Sweatpants Forever / Fashion Journalism

Sweatpants Forever: How the Fashion Industry Collapsed

I’m sure many of you have read this by now. I think it’s an elegantly written primer for those outside of the industry. However, I wish that journalists would spend time framing the issue outside of high-end designers. Certainly, that is the easiest framework for most, as, of course, like any industry, is complex. But we all know that this effects more than just Proenza.
I think the only outlet that did a good job of touching on issues outside of the Designer or Contemporary market was Racked.com (R.I.P.).

Do you ever wish that fashion journalists would spend time away from the glitz and the glamour? Or do you just figure that is better left in the trades?


I think it’s a complete ad for Sternberg. He either paid for the placement via PR or knows the author. I’m not buying that we all want to wear " basic" sweat pants. The information around the shameless promotion of Sternberg was good ish. Venture capital backed lines will fail. The endless deliveries every 2 weeks aren’t needed. Quality product that is well made and interesting, even minimally interesting is. Sternberg admits that he wasn’t a designer. He’s a marketer. If he was so great at economics, why didn’t he see that too much debt is a recipe for disaster. He’s correct that a 300 M+ fashion business model is doomed to fail, but smaller profitable ones may just work.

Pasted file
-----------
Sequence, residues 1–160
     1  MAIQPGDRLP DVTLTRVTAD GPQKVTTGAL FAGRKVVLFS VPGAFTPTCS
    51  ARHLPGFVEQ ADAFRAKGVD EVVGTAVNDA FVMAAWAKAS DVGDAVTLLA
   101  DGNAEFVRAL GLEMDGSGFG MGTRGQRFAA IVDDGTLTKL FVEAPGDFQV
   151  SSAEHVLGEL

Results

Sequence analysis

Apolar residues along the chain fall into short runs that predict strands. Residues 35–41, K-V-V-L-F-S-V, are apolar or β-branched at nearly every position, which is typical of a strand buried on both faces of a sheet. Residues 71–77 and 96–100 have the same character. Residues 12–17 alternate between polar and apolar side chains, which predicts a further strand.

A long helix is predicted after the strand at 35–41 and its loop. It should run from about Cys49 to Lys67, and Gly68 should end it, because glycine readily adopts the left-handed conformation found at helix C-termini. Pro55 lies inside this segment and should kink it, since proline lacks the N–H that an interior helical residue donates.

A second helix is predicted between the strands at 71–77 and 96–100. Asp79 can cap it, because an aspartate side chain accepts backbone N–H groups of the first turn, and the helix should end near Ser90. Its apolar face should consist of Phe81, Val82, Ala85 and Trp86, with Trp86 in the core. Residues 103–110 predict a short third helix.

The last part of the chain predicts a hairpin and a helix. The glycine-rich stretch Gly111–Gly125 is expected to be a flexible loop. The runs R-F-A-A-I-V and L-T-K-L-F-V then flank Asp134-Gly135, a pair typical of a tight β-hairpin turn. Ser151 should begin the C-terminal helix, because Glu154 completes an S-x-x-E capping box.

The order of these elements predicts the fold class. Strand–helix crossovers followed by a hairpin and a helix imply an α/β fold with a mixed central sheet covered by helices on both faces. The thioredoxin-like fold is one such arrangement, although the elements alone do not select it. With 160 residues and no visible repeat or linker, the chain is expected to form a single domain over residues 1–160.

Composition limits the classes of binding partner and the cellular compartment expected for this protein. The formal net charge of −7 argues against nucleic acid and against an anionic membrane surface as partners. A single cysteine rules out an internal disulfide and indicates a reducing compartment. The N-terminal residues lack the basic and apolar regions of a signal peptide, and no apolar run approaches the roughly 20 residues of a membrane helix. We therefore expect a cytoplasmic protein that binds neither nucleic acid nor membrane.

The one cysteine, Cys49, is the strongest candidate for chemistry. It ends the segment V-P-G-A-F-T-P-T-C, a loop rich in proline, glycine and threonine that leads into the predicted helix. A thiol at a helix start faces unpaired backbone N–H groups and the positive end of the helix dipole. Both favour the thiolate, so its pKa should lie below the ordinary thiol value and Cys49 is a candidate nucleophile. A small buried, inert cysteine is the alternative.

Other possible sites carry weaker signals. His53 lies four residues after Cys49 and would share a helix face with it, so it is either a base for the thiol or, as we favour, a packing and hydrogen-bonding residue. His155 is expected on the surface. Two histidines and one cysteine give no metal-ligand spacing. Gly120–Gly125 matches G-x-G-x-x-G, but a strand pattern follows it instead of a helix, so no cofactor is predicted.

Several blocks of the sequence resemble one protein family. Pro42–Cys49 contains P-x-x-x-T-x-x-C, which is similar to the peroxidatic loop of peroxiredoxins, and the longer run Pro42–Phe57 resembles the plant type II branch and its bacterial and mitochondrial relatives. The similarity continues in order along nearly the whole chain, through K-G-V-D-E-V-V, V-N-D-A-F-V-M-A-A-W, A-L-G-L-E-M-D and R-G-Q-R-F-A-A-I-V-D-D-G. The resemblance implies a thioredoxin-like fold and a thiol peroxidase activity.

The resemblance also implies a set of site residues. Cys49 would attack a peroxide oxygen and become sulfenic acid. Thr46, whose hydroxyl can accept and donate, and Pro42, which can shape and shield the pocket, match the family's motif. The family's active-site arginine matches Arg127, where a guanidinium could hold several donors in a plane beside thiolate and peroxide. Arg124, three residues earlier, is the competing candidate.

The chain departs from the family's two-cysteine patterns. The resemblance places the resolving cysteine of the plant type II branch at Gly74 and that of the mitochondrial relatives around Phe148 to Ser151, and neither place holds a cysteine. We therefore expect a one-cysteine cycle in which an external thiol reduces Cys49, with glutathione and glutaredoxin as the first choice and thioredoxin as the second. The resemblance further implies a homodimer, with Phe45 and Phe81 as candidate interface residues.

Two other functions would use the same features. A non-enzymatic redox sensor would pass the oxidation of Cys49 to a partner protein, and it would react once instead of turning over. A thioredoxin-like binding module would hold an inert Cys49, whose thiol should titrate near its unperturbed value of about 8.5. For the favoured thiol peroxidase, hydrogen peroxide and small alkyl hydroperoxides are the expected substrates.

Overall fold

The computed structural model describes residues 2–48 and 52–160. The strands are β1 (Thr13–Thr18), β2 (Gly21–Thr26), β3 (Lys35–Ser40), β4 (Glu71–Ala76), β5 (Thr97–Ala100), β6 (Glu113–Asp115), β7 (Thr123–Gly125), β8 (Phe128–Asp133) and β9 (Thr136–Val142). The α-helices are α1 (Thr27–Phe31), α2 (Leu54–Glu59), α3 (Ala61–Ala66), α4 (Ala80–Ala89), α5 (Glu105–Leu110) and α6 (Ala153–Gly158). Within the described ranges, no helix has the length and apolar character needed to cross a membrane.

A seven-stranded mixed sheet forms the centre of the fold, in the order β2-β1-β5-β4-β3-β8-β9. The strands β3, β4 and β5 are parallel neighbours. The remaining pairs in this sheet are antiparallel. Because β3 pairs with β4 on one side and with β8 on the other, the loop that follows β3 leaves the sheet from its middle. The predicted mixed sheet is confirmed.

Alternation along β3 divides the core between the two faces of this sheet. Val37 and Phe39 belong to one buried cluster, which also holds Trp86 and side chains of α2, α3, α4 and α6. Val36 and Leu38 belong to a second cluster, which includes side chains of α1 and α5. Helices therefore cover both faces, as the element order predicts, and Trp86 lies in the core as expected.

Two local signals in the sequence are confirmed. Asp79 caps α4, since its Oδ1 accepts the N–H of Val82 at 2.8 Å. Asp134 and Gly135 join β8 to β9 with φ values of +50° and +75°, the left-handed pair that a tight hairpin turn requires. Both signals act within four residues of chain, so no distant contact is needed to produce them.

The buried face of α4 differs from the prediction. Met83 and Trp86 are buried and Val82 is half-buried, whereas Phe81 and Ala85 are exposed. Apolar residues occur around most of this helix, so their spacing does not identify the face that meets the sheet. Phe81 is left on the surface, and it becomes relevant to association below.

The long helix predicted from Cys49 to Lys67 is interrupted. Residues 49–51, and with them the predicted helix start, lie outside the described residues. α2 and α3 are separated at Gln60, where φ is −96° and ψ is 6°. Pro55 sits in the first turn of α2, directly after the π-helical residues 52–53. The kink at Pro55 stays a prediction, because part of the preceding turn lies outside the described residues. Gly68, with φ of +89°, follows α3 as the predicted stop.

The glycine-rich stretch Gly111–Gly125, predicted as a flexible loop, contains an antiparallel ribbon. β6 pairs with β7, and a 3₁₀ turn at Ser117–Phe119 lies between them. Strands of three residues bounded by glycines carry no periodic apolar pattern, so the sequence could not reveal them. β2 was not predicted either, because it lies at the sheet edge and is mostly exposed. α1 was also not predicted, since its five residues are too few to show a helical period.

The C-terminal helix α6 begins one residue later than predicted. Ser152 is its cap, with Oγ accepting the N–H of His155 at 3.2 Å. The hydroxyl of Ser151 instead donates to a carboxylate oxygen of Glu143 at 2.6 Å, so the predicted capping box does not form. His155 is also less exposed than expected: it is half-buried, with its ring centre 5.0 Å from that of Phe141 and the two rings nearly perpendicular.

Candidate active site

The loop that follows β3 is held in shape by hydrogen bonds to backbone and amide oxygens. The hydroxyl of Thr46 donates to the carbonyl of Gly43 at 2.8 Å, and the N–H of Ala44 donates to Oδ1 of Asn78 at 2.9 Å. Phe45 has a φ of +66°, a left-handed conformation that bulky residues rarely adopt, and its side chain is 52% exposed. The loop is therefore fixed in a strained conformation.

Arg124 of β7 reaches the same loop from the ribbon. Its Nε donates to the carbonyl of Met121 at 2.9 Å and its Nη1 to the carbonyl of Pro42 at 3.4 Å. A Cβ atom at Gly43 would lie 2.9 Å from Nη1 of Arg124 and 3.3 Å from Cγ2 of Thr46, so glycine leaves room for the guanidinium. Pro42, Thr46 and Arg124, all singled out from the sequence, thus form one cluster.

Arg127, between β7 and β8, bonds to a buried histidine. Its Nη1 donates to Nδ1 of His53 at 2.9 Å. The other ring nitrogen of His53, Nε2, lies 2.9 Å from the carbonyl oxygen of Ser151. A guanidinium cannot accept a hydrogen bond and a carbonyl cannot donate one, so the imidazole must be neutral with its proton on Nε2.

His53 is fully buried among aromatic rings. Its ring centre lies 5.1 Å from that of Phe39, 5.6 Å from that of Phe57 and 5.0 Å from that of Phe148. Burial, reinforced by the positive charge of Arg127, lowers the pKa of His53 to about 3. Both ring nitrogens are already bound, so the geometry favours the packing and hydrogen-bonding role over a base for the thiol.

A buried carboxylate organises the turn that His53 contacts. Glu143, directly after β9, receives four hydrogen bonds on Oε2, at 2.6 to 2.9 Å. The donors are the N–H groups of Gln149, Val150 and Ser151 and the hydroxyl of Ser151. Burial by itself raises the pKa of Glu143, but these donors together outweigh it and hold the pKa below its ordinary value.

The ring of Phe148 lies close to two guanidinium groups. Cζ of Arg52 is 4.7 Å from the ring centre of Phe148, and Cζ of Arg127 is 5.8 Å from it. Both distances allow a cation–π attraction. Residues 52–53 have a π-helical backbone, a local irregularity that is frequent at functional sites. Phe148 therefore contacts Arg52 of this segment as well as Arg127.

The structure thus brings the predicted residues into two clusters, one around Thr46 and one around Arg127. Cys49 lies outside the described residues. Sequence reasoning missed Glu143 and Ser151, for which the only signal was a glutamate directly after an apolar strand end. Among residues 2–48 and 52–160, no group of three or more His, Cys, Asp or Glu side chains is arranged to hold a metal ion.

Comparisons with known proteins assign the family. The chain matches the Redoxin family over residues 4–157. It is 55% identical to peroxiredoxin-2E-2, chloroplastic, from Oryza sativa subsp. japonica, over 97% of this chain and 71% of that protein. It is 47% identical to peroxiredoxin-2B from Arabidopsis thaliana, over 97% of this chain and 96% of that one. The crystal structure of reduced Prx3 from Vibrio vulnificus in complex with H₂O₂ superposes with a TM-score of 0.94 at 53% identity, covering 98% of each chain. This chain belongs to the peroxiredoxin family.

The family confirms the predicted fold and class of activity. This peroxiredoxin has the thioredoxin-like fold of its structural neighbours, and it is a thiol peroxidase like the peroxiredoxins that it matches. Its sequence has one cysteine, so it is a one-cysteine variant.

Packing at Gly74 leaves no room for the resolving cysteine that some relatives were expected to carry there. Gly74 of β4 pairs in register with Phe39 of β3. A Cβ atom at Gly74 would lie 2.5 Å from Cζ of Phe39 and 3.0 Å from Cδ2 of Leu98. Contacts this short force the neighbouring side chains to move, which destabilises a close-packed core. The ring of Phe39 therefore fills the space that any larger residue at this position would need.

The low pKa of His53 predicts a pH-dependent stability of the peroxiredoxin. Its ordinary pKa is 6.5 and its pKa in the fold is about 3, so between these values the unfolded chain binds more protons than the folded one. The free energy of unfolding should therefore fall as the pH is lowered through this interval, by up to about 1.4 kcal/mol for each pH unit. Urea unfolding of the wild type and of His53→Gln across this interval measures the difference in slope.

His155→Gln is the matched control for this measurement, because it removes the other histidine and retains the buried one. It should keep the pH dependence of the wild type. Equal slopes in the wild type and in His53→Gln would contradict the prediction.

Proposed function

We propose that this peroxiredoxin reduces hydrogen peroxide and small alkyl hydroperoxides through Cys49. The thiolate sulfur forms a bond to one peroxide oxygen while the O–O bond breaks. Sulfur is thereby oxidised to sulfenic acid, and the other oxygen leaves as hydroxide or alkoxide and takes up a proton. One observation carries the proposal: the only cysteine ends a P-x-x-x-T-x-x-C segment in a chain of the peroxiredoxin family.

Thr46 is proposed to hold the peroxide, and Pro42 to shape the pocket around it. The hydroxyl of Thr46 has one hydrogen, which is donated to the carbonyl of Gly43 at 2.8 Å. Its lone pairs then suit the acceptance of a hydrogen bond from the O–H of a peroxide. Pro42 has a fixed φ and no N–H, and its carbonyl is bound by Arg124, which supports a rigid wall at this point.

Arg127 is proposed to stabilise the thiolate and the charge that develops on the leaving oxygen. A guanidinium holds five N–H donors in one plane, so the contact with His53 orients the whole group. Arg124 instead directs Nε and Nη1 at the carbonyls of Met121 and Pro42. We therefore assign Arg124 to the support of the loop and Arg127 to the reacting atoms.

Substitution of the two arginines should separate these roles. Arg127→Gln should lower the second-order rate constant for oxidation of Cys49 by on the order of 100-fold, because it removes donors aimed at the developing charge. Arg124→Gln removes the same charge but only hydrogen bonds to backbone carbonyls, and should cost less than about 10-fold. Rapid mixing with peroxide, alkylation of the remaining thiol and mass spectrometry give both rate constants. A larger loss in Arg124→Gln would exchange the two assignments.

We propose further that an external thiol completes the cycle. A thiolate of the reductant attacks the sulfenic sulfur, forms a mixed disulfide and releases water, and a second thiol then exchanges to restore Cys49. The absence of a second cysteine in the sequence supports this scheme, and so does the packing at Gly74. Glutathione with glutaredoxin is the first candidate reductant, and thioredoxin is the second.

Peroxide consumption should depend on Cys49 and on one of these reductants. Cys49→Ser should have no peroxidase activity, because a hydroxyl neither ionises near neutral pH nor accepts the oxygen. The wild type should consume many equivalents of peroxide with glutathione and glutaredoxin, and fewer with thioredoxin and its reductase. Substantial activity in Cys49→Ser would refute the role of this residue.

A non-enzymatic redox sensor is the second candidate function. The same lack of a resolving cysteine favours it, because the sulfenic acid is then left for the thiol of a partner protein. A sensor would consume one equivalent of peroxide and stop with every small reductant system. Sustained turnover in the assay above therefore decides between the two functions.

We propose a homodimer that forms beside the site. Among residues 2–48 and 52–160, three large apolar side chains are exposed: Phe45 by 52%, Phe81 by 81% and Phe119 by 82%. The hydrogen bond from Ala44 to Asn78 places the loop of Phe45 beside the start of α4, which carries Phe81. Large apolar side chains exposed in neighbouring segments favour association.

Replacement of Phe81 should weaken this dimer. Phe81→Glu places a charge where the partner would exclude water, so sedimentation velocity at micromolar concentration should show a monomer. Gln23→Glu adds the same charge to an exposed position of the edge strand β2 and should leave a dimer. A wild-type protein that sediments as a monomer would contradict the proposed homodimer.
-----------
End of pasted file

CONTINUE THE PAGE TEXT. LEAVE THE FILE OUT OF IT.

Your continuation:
A better talk to listen to is Li Edelkoort on Dezeen . Fashion will be reset from the growth growth growth model that we do not need. I think it’s a perfect time for small designers to provide their newness.

There’s nothing wrong with responsible adornment. We dress up to entertain ourselves, or perhaps we enjoy quality. Fashion isn’t dead, but we can hardly call the endless churn , especially of " fast fashion" actually fashion.


Oh, good call out on possible Sternberg ad @Designla. I was reading with my emotions.

But what I was trying to get at is, the explanation about RTVs and the desire from retailers to have exclusives isn’t only for known labels, it affects everything in those stores. That wasn’t explained by the author. That these practices, among others, have been disastrous for not only the Batshevas but the footwear people and the make-up people and the sock people. Those suppliers that may not supply the most glamorous or name-brand goods as well. To truly show the scope of the problem.

Re: Li- I have a lot of respect for her, and have had the luck to be able to see a few of her presentations in person. They are truly moving. However, when she posted her manifesto a few years ago (2, 3?) about how the fashion industry is broken, and needs to change was not wrong, but it was too late. And I wonder if Li’s influence having been, at least in my professional world, superseded by WGSN, (which is a great tool, but even in it’s high-concept think pieces about using less or being a conscious consumer, still is ultimately about product) that it will take a while for the industry to truly reset and look towards thinkers like Li.

Even if we get back to thinkers, will it be too little too late because we are so trained towards immediacy?

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All agreed! Too many vendors, too many “brands,” which make everything look the same, even if it is an exclusive. No one needs that much.

Li tends to think that everything is always ending, yet had the $$$ to stay in South Africa for months, and survive because of “the industy.” I too saw some of her slide shows in person. I paid ofr the one from SA and was VERY disappointed. I felt, as a client, that she phoned it in.

I think that the big investment house days of fashion may be over, or maybe not. Materialism is how insecure people still show their "wealth."  We all need cheering up and plain sweats just won't float that boat for long.  Small artfully curated lines seem to be what may interest the fashion purists.
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